By Tony Edwards, DrBicuspid.com editor in chief

January 19, 2017 -- Every practitioner has a preference for which anesthetic to use for adult patients with severe dental anxiety. But, of sevoflurane or propofol, which do patients prefer?

Researchers from Japan wanted to answer that question, recognizing that these patients will likely need to be sedated for future treatment to take place. They published their research in Anesthesia Progress (Winter 2016, Vol. 63:4, pp. 175-180).

"We, therefore, performed a crossover study to determine which was more preferable for ambulatory anesthesia between propofol and sevoflurane based on the comparison of the recovery profile and patient satisfaction after anesthesia," Keita Ohkushi, DDS, PhD, and co-authors wrote.

Dr. Ohkushi is an assistant professor in the department of dental anesthesiology at the Tokyo Dental College.

Fatigue cited

Every office has adult patients who are severely anxious at the thought of treatment. These patients sometimes need to be anesthetized for treatment to occur. So researchers from Japan wanted to see which anesthetic patients preferred for ambulatory anesthesia: propofol alone or sevoflurane alone. Both are currently used for ambulatory anesthesia, and patients emerge rapidly after discontinuation.

“Propofol may be more suitable for ambulatory anesthesia for dental treatment.”
— Keita Ohkushi, DDS, PhD, and co-authors

The study included 20 adult patients with severe dental anxiety who needed at least two dental treatments. All patients received both propofol and sevoflurane in this study, allowing for a direct comparison. No coadministered drugs were used.

Anesthesia was induced with propofol (1% Diprivan injection kit, AstraZeneca) with predicted effect site concentration at 3.5 μg/mL in the patients who received propofol. In the sevoflurane group, anesthesia was induced with 3% sevoflurane (Sevofrane, Abbott Japan) using a face mask with supplemental oxygen at 6 L/min.

The effect site concentration of propofol and inhaled concentration of sevoflurane were adjusted to maintain bispectral index monitoring (BIS) value at 40 to 60 under inhalation of oxygen at 1 L/min and air at 3 L/min. Patient observation was done in the emergence phase, the recovery phase, and 24 hours after discharge.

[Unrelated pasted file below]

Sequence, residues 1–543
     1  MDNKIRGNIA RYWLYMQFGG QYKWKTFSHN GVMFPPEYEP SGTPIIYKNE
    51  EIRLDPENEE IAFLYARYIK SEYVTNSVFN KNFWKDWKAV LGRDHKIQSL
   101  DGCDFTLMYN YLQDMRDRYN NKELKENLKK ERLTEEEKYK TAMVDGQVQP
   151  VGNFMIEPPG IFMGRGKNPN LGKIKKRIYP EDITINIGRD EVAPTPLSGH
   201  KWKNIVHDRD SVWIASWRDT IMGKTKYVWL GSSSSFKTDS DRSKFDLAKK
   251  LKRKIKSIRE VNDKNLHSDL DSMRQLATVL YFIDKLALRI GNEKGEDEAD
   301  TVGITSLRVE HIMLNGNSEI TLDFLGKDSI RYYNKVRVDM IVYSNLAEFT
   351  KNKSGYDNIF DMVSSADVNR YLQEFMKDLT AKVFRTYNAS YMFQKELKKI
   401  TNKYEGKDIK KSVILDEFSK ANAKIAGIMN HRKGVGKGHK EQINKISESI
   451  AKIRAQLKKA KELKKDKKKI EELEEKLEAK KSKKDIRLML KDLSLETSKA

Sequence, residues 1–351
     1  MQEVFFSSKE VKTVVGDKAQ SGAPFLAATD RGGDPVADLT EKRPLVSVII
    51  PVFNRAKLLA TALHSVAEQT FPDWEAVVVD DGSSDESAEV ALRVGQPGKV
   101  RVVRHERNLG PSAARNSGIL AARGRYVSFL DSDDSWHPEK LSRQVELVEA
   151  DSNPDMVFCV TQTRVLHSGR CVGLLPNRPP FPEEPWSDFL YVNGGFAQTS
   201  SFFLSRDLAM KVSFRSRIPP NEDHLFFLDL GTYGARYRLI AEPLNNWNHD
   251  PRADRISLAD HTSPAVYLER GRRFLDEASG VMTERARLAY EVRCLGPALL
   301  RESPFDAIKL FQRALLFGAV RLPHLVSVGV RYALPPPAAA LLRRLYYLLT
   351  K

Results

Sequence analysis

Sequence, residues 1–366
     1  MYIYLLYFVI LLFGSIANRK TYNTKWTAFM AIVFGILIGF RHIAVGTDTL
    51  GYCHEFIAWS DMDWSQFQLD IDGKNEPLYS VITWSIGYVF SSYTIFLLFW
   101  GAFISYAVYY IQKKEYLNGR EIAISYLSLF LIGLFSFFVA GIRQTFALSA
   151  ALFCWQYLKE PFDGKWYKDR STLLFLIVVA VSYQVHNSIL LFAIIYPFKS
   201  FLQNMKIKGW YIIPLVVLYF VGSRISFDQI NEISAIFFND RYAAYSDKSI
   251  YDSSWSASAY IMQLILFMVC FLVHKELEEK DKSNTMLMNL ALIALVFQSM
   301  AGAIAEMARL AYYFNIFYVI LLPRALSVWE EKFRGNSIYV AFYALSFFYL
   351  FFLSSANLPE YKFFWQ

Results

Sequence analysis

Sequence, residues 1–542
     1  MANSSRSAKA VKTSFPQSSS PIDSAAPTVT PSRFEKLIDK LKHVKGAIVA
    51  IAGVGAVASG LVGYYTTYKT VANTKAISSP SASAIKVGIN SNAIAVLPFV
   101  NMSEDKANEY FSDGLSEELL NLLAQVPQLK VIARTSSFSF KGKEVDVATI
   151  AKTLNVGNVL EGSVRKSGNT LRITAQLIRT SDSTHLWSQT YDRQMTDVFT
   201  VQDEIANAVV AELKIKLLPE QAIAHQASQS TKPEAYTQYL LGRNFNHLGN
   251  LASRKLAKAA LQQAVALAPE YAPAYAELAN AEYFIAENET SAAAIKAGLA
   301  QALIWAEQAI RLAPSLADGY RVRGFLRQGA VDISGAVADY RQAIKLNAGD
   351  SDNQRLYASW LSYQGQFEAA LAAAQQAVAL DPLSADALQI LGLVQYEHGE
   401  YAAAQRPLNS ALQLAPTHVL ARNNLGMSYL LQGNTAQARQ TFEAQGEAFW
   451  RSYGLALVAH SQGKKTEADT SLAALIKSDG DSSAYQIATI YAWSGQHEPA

The authors reported that time to emergence was shorter with sevoflurane anesthesia than with propofol anesthesia, but they found no difference in time to full recovery.

No participants in the propofol group reported nausea or vomiting during the recovery phase, while three of 20 in the sevoflurane group did. The average time to discharge was slightly faster for the propofol group (169 ± 45 minutes compared with 176 ± 48 minutes). The authors also reported no differences between the groups in time to first meal or fluid, on telephone follow-up about 24 hours afterward.

When asked on follow-up about satisfaction and preference, the 16 patients said they would choose propofol, and four said they would choose sevoflurane in the future (see table below).

Patient preference for propofol vs. sevoflurane
Reason Propofol
(n = 16)
Sevoflurane
(n = 4)
Comfortable 2 2
Discomfort after sevoflurane 5 0
Fatigue after sevoflurane 9 0
Pain on injection by propofol 0 2

Patient choice

The authors listed two potential limitations of their study:

  • Propofol anesthesia provides less muscle relaxation, which may lead to an "easier occurrence" of patient body movement during treatment.
  • The study included a small sample size.

They suggested that future studies consider the use of a continuous infusion of muscle relaxants to address the potential for body movement. Addressing the sample size question, their analysis suggested the total number of patients was "adequate."

The authors noted that patients with severe dental anxiety are likely to need general anesthesia for future treatment, making their preferred anesthetic an important choice for treatment.

"Propofol may be more suitable for ambulatory anesthesia for dental treatment," they concluded.


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